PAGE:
A few months ago, God placed the Sequim Boys and Girls Club on my heart… and he wouldn’t let it go. I was surrounded by other individuals at DCC that already recognized the potential of journeying alongside younger students and families for the sake of the Gospel. During a sit down meeting with the director, I unpacked DCC’s vision and model of discipleship. He then asked me if we as a church could bring that to the B+G Club. My heart leaped. Christians… being invited into a secular organization (?!)- someone pinch me! Since this meeting, other DCC leaders have seen the potential this has to impact the community in which we have been placed, with the Gospel of Jesus Christ. This Fall, a new type of discipleship will begin. Come September, I’ve asked more from my High School disciples and their older mentors, an additional two hours a month to be exact.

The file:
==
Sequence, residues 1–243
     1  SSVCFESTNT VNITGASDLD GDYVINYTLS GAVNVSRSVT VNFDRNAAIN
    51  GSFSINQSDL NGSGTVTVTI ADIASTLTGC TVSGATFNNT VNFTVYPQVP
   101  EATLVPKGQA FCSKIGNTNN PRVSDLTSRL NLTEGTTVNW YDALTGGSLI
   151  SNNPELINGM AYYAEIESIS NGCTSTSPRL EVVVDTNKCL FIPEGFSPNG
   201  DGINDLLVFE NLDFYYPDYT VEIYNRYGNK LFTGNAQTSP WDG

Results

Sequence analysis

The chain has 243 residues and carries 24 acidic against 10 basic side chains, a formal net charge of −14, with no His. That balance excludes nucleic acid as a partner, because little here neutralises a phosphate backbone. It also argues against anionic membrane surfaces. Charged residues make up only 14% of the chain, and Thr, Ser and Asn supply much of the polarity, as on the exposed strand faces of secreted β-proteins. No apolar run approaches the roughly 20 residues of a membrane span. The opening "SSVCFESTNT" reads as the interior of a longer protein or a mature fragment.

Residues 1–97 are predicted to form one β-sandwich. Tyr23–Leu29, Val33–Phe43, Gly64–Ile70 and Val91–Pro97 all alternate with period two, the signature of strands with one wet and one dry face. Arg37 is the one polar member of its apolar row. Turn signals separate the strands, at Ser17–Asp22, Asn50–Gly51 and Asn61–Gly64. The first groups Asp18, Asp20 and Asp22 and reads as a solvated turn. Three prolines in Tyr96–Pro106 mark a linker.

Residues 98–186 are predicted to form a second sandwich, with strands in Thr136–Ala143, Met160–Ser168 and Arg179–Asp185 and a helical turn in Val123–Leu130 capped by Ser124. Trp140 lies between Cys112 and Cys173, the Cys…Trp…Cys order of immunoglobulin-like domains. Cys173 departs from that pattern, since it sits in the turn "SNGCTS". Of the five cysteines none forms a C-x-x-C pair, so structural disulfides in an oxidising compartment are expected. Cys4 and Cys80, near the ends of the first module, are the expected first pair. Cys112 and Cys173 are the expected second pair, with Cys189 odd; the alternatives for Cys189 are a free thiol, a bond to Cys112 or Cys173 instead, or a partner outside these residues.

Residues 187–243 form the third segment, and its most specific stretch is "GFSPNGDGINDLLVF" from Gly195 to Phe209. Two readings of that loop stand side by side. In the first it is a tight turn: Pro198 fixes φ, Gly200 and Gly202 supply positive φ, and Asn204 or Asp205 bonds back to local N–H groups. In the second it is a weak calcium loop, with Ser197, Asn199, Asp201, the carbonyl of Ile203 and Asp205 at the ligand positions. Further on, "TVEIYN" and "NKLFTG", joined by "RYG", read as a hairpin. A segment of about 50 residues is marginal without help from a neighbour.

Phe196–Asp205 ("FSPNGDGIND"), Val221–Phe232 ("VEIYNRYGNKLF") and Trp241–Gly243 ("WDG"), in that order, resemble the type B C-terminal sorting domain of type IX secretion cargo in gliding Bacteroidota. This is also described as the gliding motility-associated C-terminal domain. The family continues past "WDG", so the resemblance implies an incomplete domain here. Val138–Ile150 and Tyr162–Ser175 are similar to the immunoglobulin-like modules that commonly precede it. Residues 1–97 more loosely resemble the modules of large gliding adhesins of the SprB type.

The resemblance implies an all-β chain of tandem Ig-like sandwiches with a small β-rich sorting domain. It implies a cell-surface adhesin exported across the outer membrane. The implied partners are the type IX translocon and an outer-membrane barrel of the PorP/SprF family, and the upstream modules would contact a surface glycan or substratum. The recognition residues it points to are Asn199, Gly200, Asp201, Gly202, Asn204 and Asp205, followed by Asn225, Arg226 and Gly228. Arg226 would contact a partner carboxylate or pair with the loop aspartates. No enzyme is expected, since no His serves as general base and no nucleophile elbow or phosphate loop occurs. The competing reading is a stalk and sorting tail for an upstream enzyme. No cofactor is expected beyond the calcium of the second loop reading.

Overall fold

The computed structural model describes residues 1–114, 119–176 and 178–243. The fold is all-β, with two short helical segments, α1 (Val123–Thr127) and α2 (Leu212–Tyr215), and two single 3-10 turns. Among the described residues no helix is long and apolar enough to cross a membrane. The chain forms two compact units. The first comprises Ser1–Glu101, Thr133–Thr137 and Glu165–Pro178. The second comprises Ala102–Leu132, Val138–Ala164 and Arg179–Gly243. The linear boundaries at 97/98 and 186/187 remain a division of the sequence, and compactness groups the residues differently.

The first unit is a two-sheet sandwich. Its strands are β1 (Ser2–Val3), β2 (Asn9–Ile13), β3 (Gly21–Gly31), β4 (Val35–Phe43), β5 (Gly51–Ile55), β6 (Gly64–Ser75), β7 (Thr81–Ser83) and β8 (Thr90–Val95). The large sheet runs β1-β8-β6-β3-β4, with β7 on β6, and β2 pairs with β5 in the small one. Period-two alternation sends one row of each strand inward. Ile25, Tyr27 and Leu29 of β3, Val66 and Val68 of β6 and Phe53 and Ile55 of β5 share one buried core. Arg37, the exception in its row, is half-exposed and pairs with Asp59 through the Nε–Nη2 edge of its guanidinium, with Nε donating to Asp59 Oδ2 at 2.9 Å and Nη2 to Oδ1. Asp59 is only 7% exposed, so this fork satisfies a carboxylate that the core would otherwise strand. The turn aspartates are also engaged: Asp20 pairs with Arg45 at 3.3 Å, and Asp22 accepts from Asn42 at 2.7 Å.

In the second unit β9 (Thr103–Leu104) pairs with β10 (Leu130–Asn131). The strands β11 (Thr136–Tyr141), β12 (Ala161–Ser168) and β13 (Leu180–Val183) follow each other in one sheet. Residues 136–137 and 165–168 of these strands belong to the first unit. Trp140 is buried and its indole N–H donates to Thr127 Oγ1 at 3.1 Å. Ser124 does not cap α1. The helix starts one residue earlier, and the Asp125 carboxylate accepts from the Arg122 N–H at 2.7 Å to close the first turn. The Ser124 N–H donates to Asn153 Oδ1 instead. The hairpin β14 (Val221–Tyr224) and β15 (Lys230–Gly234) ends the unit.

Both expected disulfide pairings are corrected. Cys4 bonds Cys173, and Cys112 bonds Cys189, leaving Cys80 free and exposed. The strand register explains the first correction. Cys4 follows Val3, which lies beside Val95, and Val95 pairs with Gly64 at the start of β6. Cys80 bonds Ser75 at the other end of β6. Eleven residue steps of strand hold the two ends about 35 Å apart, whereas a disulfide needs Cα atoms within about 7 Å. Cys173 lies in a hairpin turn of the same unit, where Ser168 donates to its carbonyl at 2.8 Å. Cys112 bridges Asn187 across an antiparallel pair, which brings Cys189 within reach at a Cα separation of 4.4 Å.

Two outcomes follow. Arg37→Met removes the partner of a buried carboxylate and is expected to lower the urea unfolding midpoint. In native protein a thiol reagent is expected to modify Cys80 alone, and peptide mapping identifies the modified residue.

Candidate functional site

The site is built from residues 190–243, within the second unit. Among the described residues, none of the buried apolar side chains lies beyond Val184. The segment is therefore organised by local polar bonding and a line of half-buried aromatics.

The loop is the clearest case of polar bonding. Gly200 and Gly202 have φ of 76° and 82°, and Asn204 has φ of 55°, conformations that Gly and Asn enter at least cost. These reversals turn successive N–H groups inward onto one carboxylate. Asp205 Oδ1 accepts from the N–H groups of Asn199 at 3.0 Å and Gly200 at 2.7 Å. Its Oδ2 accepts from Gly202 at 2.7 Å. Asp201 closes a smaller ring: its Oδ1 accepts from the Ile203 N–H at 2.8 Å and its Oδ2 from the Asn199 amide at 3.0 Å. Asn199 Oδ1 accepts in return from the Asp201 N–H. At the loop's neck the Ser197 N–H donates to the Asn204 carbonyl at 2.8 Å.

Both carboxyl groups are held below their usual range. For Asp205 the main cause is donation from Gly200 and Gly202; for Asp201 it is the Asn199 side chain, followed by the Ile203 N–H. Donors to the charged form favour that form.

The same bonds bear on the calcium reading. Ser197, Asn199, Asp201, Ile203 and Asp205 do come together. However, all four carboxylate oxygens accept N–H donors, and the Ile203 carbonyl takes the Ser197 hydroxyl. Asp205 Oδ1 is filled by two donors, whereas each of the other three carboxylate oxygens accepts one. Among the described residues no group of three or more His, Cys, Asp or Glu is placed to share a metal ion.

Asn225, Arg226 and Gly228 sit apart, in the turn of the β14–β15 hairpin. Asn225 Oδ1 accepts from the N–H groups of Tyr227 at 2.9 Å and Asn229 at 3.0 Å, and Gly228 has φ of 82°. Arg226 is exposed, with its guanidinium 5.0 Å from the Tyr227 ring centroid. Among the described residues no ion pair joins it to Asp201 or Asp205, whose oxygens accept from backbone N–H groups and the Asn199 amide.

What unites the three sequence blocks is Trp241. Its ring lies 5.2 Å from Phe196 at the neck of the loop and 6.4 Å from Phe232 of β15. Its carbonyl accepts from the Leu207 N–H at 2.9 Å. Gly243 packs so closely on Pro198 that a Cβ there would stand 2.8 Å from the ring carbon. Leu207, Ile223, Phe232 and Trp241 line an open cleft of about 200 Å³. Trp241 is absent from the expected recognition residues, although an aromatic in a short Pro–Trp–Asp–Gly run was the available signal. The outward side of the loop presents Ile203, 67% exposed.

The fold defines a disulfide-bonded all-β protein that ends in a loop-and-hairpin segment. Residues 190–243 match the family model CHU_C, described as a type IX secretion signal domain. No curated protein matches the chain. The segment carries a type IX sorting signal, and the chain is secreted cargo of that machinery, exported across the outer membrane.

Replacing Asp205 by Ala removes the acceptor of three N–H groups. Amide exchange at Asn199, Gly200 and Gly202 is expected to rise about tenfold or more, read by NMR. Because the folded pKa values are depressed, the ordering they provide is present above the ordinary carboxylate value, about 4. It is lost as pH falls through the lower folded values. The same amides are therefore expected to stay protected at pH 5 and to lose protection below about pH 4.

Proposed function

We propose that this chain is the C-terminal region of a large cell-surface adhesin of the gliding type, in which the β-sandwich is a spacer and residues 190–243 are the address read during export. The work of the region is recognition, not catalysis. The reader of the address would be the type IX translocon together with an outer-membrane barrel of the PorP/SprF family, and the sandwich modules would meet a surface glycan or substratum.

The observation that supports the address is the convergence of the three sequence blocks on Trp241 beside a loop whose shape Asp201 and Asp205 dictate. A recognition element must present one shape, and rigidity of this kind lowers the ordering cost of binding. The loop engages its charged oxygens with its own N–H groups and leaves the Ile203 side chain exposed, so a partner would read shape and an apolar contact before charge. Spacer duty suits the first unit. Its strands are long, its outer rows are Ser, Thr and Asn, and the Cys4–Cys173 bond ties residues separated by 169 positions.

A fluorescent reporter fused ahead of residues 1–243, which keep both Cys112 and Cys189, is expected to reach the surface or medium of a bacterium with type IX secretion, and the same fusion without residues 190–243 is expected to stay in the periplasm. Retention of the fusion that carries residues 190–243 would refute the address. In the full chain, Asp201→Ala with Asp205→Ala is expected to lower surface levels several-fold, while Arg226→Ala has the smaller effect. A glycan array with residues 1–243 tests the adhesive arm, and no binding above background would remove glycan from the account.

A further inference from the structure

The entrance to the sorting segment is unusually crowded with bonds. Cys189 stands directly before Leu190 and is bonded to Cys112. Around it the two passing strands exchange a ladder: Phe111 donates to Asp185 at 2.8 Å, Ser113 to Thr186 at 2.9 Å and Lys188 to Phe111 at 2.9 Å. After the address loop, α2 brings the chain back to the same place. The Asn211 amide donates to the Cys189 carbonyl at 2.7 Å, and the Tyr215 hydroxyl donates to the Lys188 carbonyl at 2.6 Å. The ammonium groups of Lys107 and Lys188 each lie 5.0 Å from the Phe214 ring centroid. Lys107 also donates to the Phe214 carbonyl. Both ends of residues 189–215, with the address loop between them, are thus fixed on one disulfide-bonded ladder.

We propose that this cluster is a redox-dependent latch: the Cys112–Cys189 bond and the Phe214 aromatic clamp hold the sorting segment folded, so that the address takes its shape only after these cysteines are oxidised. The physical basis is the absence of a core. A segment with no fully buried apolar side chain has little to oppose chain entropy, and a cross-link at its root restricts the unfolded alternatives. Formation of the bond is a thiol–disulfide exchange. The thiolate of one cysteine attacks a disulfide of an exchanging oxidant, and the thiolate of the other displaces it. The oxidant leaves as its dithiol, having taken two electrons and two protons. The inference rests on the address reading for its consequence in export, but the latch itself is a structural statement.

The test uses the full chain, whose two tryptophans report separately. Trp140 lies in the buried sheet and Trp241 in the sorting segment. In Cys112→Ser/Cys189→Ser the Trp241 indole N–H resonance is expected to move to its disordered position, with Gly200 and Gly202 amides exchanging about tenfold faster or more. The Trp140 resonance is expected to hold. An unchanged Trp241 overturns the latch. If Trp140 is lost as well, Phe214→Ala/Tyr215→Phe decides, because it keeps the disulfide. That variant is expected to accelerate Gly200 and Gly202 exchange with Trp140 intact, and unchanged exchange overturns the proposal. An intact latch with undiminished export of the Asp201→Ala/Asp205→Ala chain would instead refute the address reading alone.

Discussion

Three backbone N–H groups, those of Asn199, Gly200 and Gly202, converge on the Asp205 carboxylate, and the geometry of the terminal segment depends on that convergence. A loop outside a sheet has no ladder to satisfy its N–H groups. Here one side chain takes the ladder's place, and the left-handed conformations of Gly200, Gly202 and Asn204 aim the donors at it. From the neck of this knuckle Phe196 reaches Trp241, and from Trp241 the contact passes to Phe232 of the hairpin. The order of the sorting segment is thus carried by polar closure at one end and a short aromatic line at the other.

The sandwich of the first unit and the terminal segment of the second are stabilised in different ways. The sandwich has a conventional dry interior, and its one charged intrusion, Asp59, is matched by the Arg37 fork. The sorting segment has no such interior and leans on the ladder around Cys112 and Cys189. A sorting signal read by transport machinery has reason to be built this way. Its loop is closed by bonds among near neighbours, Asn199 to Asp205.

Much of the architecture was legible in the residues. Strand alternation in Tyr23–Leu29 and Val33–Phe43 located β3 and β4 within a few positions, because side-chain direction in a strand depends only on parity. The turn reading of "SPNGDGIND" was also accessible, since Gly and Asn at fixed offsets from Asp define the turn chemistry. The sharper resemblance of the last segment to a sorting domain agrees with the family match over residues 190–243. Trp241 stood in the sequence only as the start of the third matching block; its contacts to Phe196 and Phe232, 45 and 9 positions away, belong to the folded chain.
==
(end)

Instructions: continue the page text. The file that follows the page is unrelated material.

I can’t tell you the joy I have in seeing older generations of men and women come alongside high school students that in turn journey with middle school students. I can’t unpack my total vision here or all of my dreams for DCC, but what I can say is that we, as the community of faith, need you. I need older men and women to respond to Christ’s call to disciple our young people. In the next two years, my dream is to see every sophomore age and above (Christian) student at DCC, have a mentor. “But Piper, I’ve never mentored anyone before and I’m not very “cool”.” That second part may very well be true, but when you love, truly love, you participate in the very life of God; God’s love mediated through you makes you something far greater than being “cool,” you’re desperately needed. I pray a mosaic of individual student disciples and mentor stories will converge for the glory of God’s over arching story. On top of this, I pray that those who have never even heard that they are characters in God’s story would hear that their lives have purpose and meaning as we invite them into something greater than themselves.